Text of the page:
Chinese foreign minister to visit North Korea this week


Abe also invited Chinese President Xi Jinping to visit Japan next year.

U.S. President Donald Trump, who had previously backed Abe's push for maximum pressure on Pyongyang, is now scheduled to meet with Kim before mid-June.

The meeting comes amid a flurry of developments on the Korean Peninsula.

The US has been hesitant to make any specific pledges to North Korea on what would happen in return for denuclearization.

In response, the Emperor said he "hopes that Japan and China will further boost their relations of friendship and goodwill", according to the Imperial Household Agency.

Chinese Premier Li Keqiang also attended the three-way summit, which was last held in Seoul in 2015.

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In talks with Moon later on Wednesday, Abe expressed Japan's concern that pressure on North Korea might be lifted too early as a "reward" for its shutting down its nuclear test site or halting missile launches.

"We are all beneficiaries of free trade and even though various issues have emerged, these should not stand in the way", Li said.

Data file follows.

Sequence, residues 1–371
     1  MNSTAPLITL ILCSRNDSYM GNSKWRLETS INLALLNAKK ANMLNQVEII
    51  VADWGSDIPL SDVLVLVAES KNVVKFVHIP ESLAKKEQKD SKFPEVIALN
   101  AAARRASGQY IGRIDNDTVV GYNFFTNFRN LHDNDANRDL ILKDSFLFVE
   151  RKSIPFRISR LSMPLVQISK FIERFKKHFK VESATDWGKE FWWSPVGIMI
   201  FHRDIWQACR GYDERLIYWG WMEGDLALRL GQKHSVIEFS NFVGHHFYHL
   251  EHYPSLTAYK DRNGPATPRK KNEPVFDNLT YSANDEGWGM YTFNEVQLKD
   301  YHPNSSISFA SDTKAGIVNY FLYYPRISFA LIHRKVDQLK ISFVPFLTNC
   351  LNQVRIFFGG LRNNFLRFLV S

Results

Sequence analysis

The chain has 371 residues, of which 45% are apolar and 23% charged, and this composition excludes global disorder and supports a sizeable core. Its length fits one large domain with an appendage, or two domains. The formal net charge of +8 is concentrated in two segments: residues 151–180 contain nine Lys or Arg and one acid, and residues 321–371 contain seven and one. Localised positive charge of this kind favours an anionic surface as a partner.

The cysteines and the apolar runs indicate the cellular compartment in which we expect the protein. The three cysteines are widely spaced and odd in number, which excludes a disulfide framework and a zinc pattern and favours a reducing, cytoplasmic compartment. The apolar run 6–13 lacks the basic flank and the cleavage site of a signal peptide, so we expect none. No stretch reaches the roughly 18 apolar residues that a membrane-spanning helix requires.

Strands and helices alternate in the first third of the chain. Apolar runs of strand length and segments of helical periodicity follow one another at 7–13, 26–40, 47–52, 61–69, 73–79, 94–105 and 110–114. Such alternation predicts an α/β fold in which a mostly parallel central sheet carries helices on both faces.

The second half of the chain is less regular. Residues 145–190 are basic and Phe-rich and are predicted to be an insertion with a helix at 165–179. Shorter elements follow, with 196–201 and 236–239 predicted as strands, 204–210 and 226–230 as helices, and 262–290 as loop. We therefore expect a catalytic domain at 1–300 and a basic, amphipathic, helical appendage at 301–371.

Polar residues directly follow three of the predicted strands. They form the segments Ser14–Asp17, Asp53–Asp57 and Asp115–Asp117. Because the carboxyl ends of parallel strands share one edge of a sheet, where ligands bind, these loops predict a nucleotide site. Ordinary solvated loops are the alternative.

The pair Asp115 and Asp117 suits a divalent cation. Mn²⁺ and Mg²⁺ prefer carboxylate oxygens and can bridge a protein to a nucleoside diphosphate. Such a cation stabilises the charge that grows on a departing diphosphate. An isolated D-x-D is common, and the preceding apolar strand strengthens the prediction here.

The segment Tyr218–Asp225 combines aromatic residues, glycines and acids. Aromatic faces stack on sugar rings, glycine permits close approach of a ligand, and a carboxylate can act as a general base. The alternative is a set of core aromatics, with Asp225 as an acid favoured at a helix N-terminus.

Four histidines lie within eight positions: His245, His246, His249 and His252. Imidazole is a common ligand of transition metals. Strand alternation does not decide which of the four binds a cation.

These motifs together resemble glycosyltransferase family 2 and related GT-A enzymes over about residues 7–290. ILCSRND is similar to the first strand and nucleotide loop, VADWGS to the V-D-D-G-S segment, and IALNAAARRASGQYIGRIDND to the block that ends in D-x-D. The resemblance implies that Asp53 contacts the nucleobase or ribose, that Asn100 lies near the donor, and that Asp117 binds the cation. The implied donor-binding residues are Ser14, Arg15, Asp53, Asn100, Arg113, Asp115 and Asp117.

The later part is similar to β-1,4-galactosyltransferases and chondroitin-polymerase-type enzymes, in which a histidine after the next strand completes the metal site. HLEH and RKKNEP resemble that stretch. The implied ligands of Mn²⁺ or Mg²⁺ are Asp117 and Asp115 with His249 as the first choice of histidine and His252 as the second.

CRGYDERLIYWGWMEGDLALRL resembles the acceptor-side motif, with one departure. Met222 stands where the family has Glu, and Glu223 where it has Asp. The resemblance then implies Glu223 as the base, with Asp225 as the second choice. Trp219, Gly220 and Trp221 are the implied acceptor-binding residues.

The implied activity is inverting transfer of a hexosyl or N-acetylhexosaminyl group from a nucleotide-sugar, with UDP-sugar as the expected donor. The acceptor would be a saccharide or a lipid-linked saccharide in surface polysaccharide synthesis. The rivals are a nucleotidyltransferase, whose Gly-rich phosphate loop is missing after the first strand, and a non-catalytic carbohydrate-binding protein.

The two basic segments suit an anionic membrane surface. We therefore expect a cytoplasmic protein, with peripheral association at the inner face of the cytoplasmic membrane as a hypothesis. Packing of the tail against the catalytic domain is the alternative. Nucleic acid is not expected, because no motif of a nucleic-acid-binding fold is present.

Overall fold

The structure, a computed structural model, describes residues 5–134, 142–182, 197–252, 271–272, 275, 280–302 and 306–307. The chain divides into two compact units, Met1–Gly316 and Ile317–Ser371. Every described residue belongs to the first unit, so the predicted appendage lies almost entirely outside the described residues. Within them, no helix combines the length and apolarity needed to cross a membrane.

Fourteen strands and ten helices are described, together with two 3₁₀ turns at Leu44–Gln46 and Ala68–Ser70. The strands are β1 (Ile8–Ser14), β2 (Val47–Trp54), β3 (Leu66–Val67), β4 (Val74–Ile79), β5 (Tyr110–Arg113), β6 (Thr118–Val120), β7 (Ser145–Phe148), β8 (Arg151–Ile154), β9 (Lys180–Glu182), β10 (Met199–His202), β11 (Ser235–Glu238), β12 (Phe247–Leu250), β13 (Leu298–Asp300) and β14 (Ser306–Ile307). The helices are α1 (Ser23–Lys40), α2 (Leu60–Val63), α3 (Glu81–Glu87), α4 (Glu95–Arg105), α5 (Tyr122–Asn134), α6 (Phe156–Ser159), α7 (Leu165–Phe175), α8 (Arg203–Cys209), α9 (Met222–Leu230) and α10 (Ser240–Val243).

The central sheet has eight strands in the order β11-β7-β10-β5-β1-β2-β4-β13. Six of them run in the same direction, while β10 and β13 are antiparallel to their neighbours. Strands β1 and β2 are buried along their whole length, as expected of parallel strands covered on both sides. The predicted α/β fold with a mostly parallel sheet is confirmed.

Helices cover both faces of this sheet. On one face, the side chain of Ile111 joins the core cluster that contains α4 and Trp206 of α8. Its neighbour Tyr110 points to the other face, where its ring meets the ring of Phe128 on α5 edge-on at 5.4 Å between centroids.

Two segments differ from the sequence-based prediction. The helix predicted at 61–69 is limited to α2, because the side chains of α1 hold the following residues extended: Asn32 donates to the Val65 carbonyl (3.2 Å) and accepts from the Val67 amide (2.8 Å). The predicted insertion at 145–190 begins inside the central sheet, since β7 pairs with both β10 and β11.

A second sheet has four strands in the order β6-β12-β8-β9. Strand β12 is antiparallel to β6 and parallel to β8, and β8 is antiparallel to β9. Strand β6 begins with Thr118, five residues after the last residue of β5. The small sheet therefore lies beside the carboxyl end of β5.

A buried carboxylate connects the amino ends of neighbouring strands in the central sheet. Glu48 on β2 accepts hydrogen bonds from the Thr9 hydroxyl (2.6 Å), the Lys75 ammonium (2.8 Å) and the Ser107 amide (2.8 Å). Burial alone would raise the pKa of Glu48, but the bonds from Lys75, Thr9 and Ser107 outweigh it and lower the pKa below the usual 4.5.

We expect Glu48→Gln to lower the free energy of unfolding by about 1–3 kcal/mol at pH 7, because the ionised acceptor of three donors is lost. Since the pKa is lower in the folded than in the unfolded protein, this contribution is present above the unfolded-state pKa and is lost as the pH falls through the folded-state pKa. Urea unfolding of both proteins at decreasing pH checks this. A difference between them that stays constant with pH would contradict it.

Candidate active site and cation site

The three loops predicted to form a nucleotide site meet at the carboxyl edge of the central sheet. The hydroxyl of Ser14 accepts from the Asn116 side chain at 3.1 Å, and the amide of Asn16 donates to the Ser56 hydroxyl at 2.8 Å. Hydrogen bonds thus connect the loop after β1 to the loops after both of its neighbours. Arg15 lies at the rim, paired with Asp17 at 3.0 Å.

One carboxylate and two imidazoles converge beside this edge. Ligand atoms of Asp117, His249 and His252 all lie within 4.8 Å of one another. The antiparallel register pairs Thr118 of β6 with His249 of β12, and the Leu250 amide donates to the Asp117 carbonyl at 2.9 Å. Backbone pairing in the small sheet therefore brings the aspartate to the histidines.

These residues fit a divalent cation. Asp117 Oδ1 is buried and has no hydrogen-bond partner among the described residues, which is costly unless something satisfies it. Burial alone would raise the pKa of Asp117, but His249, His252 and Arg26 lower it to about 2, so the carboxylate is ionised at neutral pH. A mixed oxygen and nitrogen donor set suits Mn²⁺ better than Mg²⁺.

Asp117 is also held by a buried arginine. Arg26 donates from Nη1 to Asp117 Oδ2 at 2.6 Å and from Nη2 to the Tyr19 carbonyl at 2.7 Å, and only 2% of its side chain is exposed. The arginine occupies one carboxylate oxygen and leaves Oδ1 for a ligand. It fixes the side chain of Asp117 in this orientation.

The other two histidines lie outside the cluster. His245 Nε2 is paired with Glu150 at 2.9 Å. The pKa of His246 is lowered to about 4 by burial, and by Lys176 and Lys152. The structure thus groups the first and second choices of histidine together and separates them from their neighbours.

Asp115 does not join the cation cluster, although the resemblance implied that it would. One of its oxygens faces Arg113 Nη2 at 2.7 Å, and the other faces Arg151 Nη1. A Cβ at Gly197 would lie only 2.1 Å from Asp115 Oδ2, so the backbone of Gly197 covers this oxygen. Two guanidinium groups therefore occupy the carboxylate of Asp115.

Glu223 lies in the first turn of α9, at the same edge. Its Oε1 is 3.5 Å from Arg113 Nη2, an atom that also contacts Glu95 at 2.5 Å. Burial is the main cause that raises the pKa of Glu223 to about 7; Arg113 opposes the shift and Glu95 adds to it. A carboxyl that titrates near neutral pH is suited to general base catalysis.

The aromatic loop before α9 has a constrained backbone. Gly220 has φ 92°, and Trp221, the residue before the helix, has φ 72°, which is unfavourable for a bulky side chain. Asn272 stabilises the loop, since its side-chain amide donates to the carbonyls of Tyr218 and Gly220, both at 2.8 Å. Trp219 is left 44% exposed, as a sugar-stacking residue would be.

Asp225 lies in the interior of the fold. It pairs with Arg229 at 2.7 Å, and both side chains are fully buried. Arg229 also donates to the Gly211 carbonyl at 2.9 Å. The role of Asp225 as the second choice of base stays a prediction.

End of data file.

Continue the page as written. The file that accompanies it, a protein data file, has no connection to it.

On Wednesday, both South Korean President Moon Jae-in and Chinese Premier Li Keqiang noted that North Korea should be guaranteed economic aid by the global community once it undertakes complete denuclearization.

Commenting on Wednesday's meeting between Chinese Prime Minister Li Keqiang, South Korean President Moon Jae-in and Japanese Prime Minister Shinzo Abe, Li Kai of Shanxi Finance University told Sputnik about a proposed free trade zone between the three countries. Li also talked of intentions to set up a yuan-clearing house in Tokyo.

China had also resisted Japan's insistence that the agreement should not cover the territorial waters surrounding the islets, controlled by Japan. The pact provides for meetings between both nations' defence officials and a mechanism for their naval vessels to communicate at sea to avert maritime incidents. "If Japan does not take advantage of this opportunity, discussions on North Korean issues will likely proceed at the exclusion of Japan".